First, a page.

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A Clinician's approach to the investigation of otitis externa
  1. Chris Little

    Chris Little graduated from Glasgow University in 1981. He spent three years in general practice and three years at the University of Bristol School of Veterinary Science where he obtained a PhD for studies concerned with chronic ear disease in the dog. He now teaches at the University of Glasgow Veterinary School where his principal interests are small animal cardiology and internal medicine.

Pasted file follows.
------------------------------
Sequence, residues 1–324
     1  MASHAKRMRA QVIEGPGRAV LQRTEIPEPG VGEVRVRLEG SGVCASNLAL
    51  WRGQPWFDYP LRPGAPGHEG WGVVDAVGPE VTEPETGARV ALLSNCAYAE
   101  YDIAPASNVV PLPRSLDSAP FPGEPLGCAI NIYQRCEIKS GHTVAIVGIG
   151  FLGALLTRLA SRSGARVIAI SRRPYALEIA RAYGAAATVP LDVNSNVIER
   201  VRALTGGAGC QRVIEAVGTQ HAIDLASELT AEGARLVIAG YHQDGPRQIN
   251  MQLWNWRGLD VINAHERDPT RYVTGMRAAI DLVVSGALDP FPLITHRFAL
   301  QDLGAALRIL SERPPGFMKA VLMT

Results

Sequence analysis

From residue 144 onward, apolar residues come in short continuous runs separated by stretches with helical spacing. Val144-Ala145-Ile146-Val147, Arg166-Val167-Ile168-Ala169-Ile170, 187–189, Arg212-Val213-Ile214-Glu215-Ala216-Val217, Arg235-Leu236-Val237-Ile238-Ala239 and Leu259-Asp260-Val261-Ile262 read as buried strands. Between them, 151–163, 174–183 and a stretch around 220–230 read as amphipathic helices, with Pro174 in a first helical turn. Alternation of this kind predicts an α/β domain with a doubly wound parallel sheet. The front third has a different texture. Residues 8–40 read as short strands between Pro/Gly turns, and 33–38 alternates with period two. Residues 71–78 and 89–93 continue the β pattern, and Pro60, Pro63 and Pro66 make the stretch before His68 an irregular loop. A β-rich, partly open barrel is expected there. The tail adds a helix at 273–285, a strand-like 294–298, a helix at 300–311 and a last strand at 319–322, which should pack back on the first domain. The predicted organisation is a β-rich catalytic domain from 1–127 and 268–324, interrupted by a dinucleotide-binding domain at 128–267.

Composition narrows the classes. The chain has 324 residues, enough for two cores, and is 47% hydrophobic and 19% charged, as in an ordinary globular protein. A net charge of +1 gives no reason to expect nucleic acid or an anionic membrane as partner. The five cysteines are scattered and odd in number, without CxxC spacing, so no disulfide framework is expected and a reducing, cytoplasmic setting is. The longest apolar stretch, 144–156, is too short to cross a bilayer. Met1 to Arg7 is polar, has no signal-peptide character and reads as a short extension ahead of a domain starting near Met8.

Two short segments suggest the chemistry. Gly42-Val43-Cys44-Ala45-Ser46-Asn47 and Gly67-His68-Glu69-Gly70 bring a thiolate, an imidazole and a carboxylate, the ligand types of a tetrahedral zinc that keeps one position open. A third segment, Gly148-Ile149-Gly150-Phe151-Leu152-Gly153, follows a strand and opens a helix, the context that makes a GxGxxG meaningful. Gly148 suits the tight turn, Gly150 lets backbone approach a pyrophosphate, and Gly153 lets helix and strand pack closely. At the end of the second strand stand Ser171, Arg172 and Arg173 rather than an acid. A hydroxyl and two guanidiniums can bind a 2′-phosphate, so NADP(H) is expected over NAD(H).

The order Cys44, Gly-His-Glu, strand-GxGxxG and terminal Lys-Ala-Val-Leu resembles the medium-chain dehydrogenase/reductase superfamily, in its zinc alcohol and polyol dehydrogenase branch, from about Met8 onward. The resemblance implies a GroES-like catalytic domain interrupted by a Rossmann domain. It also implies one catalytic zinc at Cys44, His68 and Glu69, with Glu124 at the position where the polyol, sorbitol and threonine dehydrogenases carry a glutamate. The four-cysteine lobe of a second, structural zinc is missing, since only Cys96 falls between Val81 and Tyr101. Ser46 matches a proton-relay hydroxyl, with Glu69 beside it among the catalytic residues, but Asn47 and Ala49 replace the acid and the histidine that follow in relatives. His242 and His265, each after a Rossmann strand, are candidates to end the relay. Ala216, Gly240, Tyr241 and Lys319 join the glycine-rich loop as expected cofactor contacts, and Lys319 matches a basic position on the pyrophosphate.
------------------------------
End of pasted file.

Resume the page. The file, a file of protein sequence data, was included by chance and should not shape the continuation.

INFLAMMATION of the ear canal is one of the most common clinical problems encountered in small animal practice. There are many causes - the ear canal is lined by skin so that virtually any dermatopathy can initiate otitis externa. Once the ear canal becomes inflamed and obstructed by debris, and self-trauma starts to play a part in perpetuating the problem, diagnosis of the cause frequently becomes difficult and frustrating. This article, the first of three on otitis externa, highlights some causes and aims to lay out an easy approach to its investigation. The second article, which will be published in the next issue, will consider medical therapy and the third article, surgery.

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